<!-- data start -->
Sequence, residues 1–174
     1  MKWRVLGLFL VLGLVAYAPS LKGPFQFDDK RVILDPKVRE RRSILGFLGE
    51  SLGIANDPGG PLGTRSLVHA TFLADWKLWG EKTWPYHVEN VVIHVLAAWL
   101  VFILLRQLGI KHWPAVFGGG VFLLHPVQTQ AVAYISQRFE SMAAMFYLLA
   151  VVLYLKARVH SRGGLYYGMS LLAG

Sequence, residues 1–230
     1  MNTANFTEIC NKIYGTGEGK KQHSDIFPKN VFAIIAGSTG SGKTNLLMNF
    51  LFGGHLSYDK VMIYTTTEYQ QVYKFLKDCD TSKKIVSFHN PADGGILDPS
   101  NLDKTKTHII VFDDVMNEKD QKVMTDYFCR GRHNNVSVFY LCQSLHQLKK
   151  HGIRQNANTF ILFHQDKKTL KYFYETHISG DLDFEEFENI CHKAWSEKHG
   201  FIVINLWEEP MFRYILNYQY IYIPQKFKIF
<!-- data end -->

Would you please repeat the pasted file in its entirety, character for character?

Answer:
Sequence, residues 1–174
     1  MKWRVLGLFL VLGLVAYAPS LKGPFQFDDK RVILDPKVRE RRSILGFLGE
    51  SLGIANDPGG PLGTRSLVHA TFLADWKLWG EKTWPYHVEN VVIHVLAAWL
   101  VFILLRQLGI KHWPAVFGGG VFLLHPVQTQ AVAYISQRFE SMAAMFYLLA
   151  VVLYLKARVH SRGGLYYGMS LLAG

Sequence, residues 1–230
     1  MNTANFTEIC NKIYGTGEGK KQHSDIFPKN VFAIIAGSTG SGKTNLLMNF
    51  LFGGHLSYDK VMIYTTTEYQ QVYKFLKDCD TSKKIVSFHN PADGGILDPS
   101  NLDKTKTHII VFDDVMNEKD QKVMTDYFCR GRHNNVSVFY LCQSLHQLKK
   151  HGIRQNANTF ILFHQDKKTL KYFYETHISG DLDFEEFENI CHKAWSEKHG
   201  FIVINLWEEP MFRYILNYQY IYIPQKFKIF